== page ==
(c) Departments which have been traditionally white have remained so because of the Plant's practice which continued to October 1, 1967, of not assigning Negroes to those departments or to the practice of some white supervisory personnel of rejecting Negroes when they were assigned to those departments (Stip. p. 15), prior to October 1, 1967.

 The result of Bethlehem's racial assignment has been that Negroes have been involuntarily concentrated in only the following eleven of the Plant's 82 departments: Departments 404 (Brickmason Labor), 406 (Yard), 503 (Sintering Plant), 512 (Coke Ovens), 520 (Blast Furnaces), 530 (Steelmaking), 612 (44"-32" Mills), 620 (Billet Yard), 631 (12"-10"-8" Bar Mills), 660 (28" Mill) and 662 (14" Mill). As of October 21, 1967, these eleven departments contained 83.6% of all Negro employees at the Plant.

 Since at least 1961, the union has been aware that most of the Negroes in the Plant were concentrated in the eleven departments and that this concentration resulted from Bethlehem's assignment policies. In short, all the defendants knew of the racially discriminatory assignment of Negroes in the Plant.

 In addition to the assignment of most Negroes to the eleven departments, Bethlehem excluded Negroes from the higher paying and cleaner departments of the electrical and mechanical divisions. Bethlehem stipulated that "until September 1967 the Plant pursued a pattern or practice of excluding qualified Negroes from the Electrical Division Departments and had on occasion hired and assigned whites to those departments without regard to their qualifications. As of December 8, 1967, the Division employed 1,364 persons, of whom only eleven were Negro." Similarly, Bethlehem has admitted that "until September 1967, the Plant pursued a pattern or practice of excluding qualified Negroes from certain Mechanical Division Departments. As of December 8, 1967, the Division employed 3,690 persons, of whom 341 were Negro. Two hundred forty-eight of the 341 Negroes were in a non-mechanical laborer unit in the Brickmason Department, the only Mechanical Department which has a large non-mechanical labor unit." The average pay of employees in the Laborer unit of the Brickmason Department is significantly lower than the average pay for craft workers in the same unit.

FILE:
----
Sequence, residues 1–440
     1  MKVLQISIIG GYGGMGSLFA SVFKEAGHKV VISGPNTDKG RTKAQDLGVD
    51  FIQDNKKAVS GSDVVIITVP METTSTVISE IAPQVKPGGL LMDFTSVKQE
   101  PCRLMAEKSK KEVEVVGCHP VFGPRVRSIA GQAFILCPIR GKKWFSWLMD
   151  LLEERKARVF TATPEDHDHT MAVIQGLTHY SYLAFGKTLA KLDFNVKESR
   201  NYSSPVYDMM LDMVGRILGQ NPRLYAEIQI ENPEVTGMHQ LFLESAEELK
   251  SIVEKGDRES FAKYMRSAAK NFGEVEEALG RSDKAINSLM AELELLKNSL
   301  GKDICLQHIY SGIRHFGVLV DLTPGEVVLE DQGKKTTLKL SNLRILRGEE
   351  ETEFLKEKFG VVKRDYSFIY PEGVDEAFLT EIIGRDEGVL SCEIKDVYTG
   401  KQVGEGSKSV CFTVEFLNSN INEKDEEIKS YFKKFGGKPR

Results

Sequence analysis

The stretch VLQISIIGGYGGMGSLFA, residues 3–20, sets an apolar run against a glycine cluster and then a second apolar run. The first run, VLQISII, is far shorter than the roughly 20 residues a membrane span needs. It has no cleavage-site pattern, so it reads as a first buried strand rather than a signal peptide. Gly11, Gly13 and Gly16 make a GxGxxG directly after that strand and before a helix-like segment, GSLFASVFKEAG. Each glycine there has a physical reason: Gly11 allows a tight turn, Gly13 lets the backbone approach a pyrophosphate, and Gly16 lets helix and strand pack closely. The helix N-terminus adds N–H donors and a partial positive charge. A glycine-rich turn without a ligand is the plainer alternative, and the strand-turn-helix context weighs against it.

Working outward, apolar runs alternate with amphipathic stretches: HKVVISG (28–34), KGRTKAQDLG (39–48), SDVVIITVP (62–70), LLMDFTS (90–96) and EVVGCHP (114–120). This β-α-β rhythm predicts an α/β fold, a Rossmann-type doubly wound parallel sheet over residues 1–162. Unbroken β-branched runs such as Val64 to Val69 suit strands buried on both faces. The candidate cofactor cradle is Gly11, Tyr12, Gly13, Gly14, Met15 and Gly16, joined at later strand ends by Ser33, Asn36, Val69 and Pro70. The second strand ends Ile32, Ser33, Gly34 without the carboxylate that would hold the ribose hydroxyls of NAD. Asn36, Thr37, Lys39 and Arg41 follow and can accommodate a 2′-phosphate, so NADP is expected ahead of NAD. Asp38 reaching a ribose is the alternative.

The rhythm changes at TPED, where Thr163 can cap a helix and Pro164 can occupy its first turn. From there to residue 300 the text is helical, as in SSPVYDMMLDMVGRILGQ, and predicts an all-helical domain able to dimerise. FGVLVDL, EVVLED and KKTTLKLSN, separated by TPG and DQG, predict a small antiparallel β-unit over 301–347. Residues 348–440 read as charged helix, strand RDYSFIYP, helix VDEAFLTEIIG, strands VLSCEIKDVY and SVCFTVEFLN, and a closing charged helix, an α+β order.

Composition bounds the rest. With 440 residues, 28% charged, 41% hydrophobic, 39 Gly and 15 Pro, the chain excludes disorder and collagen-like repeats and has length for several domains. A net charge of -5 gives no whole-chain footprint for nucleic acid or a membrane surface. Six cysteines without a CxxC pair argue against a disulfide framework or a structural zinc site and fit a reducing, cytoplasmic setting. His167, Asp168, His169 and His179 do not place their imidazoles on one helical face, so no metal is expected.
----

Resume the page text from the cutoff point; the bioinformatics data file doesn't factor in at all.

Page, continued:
The union has been aware, since the effective date of Title VII of the Civil Rights Act of 1964, of the pattern of racial assignments to the various departments of the Lackawanna Plant.

 Selection of Supervisory Employees

 Until September 1967, the Plant admitted pursuing a practice of generally excluding Negroes from supervisory positions by basing promotion on essentially subjective determinations. Additionally, in some instances the Plant transferred white employees from traditionally white departments into predominantly Negro departments to assume supervisory positions. The practice has restricted the number of Negro supervisory personnel. In short, defendant Bethlehem engaged in racially discriminatory conduct with regard to hiring, assignment and promotion both prior to and after the effective date of Title VII. These discriminatory employment practices continued up to September 1967 when the United States began its inquiry into Bethlehem's practices.

 Nothing could be clearer than that Bethlehem, as it admitted, has engaged in an unlawful pattern and practice of racial discrimination in employment in violation of Title VII of the Civil Rights Act of 1964.

 Relief Requested

 The Attorney General asks this court to grant relief in three respects as follows:

 (a) the Attorney General seeks to obtain a right of transfer for any Negro in the eleven departments who was or may have been discriminatorily assigned prior to October 1, 1967. Such a Negro would be entitled to first priority to transfer to any vacancy in any of the other 63 departments with a guarantee that the pay he would receive in his new job would be at least equal to his average hourly earnings (including overtime and incentive) in his former job. If his new department did not have any job which paid so well, he would be paid at the rate of the top job in his new department. In addition, he would have superseniority, that is, he would be entitled to use his continuous Plant service, not unit seniority, to bid for vacancies in his new unit;

 (b) the Attorney General seeks to suspend for five years the application of Appendix 10 of the currently effective Master Agreement which provides that craft apprenticeship vacancies shall be filled on the basis of relative seniority first from within the seniority unit, then from within the pool area including the seniority unit, then from within the Plant and lastly from among new hires. Instead, the Attorney General would require the company to consider Negro applicants from anywhere in the Plant or from off the street for apprenticeship vacancies; and

 (c) the Attorney General seeks special relief with respect to the Coke Ovens Department, specifically to provide a right of transfer for any Negro, hired prior to October 1, 1967, and assigned to the Battery or Coal Handling units, to fill any vacancy in one of the other units with rate retention and superseniority.

 In order to determine whether such relief is warranted, the facts surrounding the present transfer system must be considered. Consideration should also be given to the specific facts regarding the Coke Ovens Department and the Apprentice program.

 The Seniority Structure of the Plant